Corporate collaborative authoring

At FLOSS Manuals, we have been using a method called a Book Sprint –  collaborative authoring, one week at a time. In fact, Google’s “Summer  of Code” project has sponsored two of these sprints. The latest was  just this month for a completely open source video format called Ogg Theora. The sprint got a mention on slashdot last month.

The idea of a Book Sprint is that you can get lots of documentation written in a focused amount of time with the right team and some amount of content already in place. Gathering people in the same room when possible is extremely helpful and motivating as well. I like to think of it as using two wiki patterns – the Scaffold pattern first followed closely by the Barnraising pattern.

I often get questions about the viability and value of a book sprint in a corporate environment. Here are a couple of ideas for running a book sprint at a company.

Agile software development

In an Agile environment, the term “sprint” means a timeboxed iteration – a time period could be two weeks, or it could be three or four. You plan out the “sprint” based on the number of people you have and by correctly sizing the documentation goals for the sprint.

The term Book Sprint seems appropriate in an Agile environment. For example, plan the sprint to have the team focus entirely on doc for that iteration. That’s one company-type application.

Scenario-based documentation by Subject Matter Experts

Another company method of focused authoring that I know of is the one that IBM employs to write Red Books. A document coordinator brings in  the subject matter experts, they outline the RedBook in a day, then assign chapters to each Subject Matter Expert (SME). The SMEs usually go off and write for a while, then the RedBook comes back together with the document coordinator (I think this is accurate, but please do feel free to offer more detail by commenting).

Chris Almond gave a presentation at Central Texas DITA User Group meeting last year about using wikis for RedBook authoring – his slideshow is available on

Writer’s luxury accomodations – seclusion and focus with collaboration

For Book Sprints, what we do is try to get a good group of people a great place to stay for a week and write. There’s at least 4-6 weeks  of pre-planning of the outline and possible content that already exists so that the sprint itself goes smoothly. Getting people to agree to audience and scope ahead of time is crucial. A book sprint  basically forces documentation decisions and priorities under pressure of one week’s time – so you want to get lots of questions out of the way before the actual sprint.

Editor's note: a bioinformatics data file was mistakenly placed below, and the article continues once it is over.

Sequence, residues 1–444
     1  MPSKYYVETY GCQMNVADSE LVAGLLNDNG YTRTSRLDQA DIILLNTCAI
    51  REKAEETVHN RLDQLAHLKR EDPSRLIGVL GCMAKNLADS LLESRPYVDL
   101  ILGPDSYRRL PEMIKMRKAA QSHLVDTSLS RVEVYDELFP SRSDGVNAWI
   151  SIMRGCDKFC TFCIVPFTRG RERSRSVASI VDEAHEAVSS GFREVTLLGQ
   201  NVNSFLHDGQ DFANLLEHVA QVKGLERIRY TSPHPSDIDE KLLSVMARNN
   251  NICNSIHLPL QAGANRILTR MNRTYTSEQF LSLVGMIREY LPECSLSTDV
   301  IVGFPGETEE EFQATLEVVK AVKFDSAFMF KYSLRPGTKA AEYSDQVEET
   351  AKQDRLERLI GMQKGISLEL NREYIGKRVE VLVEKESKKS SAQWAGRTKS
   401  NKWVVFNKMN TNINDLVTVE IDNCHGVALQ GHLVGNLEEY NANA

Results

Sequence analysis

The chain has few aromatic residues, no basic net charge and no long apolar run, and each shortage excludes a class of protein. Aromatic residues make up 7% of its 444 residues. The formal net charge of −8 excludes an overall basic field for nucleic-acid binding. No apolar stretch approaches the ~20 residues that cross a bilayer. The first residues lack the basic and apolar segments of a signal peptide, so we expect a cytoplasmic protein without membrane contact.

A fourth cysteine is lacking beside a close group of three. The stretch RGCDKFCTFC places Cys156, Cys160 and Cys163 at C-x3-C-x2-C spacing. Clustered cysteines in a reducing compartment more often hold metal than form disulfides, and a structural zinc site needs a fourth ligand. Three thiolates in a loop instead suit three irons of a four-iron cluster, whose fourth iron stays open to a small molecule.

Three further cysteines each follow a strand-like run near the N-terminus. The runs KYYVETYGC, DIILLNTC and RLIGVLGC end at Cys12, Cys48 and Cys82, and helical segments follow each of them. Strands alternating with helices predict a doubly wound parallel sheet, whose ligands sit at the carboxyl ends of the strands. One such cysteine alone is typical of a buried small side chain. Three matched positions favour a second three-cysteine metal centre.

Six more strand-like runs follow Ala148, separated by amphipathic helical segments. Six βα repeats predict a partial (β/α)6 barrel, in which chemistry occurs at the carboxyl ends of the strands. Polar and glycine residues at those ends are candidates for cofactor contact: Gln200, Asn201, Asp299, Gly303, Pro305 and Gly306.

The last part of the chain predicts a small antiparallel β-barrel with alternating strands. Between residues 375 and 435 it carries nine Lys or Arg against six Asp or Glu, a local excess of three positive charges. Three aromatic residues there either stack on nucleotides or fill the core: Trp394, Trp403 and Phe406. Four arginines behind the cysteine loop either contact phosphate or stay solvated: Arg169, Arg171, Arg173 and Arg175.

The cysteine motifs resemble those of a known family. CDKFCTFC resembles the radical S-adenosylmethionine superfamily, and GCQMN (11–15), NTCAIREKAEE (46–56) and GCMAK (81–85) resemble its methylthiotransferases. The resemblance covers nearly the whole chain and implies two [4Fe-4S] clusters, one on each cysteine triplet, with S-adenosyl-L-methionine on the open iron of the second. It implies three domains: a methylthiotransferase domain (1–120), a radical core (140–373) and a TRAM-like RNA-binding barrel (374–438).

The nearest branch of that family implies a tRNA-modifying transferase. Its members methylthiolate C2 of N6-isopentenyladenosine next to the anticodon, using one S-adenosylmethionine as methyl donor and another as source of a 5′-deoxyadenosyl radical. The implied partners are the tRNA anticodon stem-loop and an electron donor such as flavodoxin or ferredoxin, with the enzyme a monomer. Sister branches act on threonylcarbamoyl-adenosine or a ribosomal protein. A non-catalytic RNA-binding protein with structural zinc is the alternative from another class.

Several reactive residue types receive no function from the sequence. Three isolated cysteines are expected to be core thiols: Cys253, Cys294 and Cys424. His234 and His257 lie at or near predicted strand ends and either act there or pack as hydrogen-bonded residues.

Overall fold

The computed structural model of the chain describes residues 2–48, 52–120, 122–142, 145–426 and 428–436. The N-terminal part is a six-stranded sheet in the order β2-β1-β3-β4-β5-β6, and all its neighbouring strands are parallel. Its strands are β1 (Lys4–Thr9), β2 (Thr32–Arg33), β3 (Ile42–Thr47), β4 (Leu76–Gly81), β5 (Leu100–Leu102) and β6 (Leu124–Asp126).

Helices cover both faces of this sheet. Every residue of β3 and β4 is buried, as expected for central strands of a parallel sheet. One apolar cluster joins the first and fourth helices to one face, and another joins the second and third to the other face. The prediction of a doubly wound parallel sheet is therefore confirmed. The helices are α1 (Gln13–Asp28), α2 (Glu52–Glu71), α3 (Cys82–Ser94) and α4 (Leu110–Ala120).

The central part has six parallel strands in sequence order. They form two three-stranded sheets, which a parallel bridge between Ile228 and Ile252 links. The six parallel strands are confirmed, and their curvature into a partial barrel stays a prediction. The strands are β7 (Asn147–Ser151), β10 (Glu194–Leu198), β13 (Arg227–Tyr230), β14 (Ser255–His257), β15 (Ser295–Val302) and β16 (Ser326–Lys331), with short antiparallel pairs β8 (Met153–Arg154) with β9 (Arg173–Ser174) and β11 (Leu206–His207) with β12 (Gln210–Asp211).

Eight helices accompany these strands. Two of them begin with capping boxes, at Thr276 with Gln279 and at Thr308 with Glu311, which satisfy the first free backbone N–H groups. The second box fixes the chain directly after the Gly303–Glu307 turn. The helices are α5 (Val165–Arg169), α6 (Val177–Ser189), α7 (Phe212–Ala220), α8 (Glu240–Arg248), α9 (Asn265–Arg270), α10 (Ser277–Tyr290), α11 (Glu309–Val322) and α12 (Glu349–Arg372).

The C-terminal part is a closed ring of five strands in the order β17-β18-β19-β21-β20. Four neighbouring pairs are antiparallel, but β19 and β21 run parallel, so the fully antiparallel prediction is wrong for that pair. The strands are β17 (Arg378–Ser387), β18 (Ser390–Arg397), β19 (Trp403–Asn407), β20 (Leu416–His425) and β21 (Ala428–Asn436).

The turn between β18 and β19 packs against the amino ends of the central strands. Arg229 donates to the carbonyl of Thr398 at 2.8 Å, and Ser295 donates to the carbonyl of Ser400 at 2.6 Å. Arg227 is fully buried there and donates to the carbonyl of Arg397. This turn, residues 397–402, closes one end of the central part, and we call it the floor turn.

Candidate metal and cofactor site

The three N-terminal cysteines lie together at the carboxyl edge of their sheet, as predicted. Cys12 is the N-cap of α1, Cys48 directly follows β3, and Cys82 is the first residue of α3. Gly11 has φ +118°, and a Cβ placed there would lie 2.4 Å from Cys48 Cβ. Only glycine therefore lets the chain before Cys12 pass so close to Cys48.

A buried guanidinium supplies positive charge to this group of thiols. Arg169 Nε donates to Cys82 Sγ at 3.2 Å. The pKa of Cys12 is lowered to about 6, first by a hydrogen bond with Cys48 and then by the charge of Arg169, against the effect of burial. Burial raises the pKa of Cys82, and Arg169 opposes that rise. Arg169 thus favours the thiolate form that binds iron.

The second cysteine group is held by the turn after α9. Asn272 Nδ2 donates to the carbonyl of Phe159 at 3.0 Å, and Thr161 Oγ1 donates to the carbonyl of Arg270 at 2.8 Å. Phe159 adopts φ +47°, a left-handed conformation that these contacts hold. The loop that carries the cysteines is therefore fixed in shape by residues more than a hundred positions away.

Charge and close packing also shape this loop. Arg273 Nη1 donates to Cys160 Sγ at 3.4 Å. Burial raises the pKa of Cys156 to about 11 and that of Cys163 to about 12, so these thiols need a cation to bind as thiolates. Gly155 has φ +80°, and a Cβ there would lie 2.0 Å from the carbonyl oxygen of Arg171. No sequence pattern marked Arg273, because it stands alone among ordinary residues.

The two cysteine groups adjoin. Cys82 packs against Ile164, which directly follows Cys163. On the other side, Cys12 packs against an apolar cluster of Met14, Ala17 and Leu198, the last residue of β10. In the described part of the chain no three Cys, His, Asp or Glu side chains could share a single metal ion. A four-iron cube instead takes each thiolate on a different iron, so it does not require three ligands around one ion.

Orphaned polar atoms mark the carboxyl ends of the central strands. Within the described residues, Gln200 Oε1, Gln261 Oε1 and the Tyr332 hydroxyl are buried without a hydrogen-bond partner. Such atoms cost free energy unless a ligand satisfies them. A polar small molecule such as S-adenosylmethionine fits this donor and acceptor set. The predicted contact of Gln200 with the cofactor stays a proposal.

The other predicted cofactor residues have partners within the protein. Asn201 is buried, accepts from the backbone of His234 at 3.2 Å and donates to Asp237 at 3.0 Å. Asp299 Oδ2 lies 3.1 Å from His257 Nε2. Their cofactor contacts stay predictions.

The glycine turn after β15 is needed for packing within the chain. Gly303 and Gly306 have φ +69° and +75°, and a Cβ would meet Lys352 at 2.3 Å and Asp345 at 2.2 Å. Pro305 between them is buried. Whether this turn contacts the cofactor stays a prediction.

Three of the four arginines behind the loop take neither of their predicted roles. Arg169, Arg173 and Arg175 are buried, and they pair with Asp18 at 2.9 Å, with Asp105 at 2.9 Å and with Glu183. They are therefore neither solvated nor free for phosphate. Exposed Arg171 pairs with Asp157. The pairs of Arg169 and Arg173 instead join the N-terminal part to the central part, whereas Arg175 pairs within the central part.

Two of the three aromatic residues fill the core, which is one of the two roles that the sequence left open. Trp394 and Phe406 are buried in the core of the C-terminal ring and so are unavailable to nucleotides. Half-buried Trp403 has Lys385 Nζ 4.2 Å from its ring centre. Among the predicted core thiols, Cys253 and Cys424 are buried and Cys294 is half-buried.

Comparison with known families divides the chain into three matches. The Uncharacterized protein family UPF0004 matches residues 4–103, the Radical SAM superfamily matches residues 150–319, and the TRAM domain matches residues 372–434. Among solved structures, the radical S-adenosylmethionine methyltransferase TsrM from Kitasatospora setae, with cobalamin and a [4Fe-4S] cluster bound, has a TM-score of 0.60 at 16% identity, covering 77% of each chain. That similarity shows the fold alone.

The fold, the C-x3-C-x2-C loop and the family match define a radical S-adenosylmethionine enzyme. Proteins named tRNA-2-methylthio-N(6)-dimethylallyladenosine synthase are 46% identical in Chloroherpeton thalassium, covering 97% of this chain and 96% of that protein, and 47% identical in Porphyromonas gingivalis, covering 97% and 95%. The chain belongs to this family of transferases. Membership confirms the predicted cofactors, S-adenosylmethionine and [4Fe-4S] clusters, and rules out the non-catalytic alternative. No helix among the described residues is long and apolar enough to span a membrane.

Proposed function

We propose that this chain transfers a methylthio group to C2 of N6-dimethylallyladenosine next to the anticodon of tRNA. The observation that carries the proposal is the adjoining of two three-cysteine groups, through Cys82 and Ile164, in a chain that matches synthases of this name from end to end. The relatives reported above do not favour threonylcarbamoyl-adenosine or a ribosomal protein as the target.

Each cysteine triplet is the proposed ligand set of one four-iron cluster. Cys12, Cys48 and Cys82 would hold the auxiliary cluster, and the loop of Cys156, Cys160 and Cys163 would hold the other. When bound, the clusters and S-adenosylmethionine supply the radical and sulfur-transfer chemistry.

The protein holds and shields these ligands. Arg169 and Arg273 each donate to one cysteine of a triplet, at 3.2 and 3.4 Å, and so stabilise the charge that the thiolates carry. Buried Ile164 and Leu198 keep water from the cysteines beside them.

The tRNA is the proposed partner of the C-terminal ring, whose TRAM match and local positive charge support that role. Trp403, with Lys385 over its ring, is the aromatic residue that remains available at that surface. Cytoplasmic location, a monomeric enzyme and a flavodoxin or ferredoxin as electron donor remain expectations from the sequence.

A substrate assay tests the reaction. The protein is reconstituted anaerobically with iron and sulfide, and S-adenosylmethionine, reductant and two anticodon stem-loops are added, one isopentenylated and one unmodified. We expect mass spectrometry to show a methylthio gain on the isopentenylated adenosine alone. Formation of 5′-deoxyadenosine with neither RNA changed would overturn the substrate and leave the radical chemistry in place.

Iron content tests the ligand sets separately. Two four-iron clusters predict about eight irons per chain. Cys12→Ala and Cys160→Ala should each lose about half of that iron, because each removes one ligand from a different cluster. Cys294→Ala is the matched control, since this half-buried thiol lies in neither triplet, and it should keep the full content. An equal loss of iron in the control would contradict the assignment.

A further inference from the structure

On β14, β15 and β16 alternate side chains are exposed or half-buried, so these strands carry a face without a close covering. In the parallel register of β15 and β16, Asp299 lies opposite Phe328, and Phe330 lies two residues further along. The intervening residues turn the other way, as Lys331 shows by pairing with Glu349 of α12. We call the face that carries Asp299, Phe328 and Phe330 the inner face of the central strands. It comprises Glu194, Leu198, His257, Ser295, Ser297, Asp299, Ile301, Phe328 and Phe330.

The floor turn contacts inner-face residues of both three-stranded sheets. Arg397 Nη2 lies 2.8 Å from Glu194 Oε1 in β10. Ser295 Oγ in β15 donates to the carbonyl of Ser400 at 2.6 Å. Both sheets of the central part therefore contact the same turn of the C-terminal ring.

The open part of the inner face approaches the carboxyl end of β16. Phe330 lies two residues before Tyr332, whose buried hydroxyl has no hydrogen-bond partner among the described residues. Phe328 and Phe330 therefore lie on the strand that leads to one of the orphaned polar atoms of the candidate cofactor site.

We also make them fun and offer food and “after hours” activities. The fun is crucial!

I just joined the Writer’s League of  Texas, and they actually charge people for writing retreats that sound  an awful lot like a book sprint, except that they’re not collaborative, they’re for solo writers to get writing done in a nice, supportive environment. It’s basically a nice location with some fun planned in as well.

We have case studies and lots of planning in a Book Sprint book hosted on FLOSS Manuals at Also,  the free sample chapter from my book talks about Book Sprints at length, see, and shows how much funding we needed for a book sprint last August that produced about 300 pages of printed PDFs and online HTML-based help.


  • September 24, 2009 - 12:13 pm | Permalink

    Google is also sponsoring another one. We will do the Google Summer of Code mentoring Guide next month 🙂


  • September 25, 2009 - 8:15 am | Permalink

    Thanks, Anne, for a practical and useful summary of how collaborative authoring can work in the corporate world.

    Having worked on several IBM projects, I believe that your description of the RedBook process is accurate. The total time to produce a book varies, with six weeks being typical. (While the document coordinator is dedicated to the project, the SMEs are still doing their day jobs.)

  • September 25, 2009 - 8:20 am | Permalink

    Fantastic, Adam – I think that Guide will be very helpful.

  • September 25, 2009 - 8:22 am | Permalink

    Ok, thanks for confirming Larry! I had talked with a document coordinator a while back (Chris Almond) and thought I had an accurate picture of it. It’s good to know the length of the overall process. I wonder if there’s much post-production work on the deliverable? Then again, I doubt it because IBM has a lot of business processes in place that get those ducks in a row early on. 🙂

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